Academic Regalia

Academic Regalia

This is an academic ceremony, and as such, academic regalia is required to participate in the procession. Only those students in full academic regalia will be permitted to process in the ceremony. The only exception are those graduates in military uniforms.

A Brief History of Academic Dress

Academic dress dates back to the 12th and 13th centuries, when universities were taking form. The ordinary dress of the scholar, whether student or teacher, was the dress of a cleric. With few exceptions, the medieval scholar had taken at least minor orders, made certain vows, and perhaps been tonsured. Long gowns were worn, and may have been necessary for warmth in unheated buildings. Hoods seem to have served to cover the tonsured head until superseded for that purpose by the skull cap.

A statute of the University of Coimbra in 1321 required that all ”doctors, licentiates, and bachelors” wear gowns. In England, in the second half of the 14th century, the statutes of certain colleges forbade ”excess in apparel” and prescribed the wearing of a long gown. In the days of Henry VIII of England, Oxford and Cambridge first began prescribing definite academic dress, and made it a matter of university control.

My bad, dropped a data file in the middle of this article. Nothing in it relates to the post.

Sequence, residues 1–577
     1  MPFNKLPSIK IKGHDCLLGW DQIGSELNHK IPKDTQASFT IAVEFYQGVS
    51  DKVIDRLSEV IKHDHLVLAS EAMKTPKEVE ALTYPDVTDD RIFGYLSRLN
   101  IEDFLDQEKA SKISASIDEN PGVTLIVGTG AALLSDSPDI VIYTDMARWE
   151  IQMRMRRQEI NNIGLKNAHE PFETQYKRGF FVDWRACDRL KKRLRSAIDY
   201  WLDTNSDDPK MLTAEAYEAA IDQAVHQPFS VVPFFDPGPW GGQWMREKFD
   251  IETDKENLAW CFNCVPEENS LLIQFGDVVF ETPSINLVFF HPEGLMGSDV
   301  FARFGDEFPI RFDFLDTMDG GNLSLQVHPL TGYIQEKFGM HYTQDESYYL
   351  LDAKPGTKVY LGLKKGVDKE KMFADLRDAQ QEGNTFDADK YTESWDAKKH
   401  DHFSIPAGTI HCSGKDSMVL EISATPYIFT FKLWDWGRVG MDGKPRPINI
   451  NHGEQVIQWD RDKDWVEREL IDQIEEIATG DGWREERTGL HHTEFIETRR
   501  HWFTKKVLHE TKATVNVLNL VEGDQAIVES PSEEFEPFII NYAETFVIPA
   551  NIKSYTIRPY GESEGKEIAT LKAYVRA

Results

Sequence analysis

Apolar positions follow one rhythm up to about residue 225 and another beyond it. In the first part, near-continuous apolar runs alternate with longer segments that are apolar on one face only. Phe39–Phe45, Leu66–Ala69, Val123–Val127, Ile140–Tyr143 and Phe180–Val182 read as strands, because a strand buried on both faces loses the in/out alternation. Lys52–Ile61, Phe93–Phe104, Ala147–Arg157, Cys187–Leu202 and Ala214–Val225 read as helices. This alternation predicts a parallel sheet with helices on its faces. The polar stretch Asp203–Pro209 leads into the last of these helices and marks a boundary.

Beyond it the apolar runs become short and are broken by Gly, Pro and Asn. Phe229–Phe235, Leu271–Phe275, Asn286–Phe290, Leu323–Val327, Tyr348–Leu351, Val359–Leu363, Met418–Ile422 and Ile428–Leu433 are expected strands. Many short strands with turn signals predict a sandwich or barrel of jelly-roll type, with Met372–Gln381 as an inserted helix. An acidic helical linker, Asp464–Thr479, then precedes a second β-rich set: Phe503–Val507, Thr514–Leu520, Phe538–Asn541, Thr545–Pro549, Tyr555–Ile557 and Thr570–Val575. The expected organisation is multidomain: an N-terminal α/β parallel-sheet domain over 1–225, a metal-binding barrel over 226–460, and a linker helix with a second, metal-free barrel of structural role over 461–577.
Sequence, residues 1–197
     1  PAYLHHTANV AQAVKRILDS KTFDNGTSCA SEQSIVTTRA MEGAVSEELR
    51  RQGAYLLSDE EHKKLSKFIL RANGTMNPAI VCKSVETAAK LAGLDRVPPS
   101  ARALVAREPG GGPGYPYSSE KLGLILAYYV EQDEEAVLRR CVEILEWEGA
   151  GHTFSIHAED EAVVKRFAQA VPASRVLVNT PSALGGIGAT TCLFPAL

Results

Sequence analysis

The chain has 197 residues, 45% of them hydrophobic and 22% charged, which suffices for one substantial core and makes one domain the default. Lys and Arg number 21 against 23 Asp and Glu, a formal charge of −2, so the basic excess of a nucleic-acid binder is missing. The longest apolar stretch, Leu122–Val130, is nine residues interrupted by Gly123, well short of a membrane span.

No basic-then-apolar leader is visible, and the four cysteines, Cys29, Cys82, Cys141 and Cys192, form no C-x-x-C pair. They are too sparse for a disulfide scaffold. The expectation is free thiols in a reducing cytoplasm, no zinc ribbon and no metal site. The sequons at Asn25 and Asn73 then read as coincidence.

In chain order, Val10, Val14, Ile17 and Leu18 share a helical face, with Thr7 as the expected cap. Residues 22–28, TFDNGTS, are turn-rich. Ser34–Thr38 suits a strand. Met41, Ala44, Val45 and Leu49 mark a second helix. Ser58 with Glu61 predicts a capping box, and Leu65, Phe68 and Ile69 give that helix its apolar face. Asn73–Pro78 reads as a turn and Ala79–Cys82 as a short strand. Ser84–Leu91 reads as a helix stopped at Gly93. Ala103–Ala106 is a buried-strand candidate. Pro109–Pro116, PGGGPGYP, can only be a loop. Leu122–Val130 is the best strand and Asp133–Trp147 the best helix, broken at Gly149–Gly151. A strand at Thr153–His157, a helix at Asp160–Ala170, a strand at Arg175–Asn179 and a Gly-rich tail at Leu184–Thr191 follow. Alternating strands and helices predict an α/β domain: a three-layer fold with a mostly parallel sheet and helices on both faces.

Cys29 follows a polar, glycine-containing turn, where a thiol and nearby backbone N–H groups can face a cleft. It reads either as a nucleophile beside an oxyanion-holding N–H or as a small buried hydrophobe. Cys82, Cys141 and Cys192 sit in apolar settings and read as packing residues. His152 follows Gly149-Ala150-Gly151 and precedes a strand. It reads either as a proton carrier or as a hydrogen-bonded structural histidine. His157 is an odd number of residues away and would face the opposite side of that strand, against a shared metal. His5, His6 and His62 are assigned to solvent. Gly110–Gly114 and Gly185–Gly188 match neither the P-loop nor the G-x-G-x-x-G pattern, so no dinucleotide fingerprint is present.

The assignment of colors to signify certain faculties was to be a much later development, and one which was to be standardized only in the United States in the late 19th century.
 

University of Pittsburgh Regalia Colors

Discipline Color  
Arts White
Fine Arts Dark Brown
Sciences Yellow
Philosophy Dark Blue
Engineering Orange
Business Drab
Education Light Blue
Law Purple
Information Sciences Lemon
Social Work Citron
Public Affairs Peacock Blue
Medicine Green
Dentistry Lilac
Pharmacy Olive Green
Nursing Apricot
Public Health Salmon
Rehabilitation Teal